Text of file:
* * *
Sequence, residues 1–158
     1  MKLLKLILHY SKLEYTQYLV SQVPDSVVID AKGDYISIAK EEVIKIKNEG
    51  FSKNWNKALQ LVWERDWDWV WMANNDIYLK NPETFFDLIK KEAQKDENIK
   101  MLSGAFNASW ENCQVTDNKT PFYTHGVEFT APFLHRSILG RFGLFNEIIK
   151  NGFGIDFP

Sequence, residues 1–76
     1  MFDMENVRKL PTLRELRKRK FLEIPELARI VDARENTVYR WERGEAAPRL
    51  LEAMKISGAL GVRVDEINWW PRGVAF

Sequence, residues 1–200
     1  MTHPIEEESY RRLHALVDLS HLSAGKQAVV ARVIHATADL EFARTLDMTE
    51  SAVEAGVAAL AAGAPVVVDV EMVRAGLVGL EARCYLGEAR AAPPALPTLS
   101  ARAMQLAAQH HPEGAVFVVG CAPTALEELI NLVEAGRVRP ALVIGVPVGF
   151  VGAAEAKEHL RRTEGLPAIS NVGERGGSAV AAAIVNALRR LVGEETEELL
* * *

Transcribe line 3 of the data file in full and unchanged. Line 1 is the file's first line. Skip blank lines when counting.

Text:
    51  FSKNWNKALQ LVWERDWDWV WMANNDIYLK NPETFFDLIK KEAQKDENIK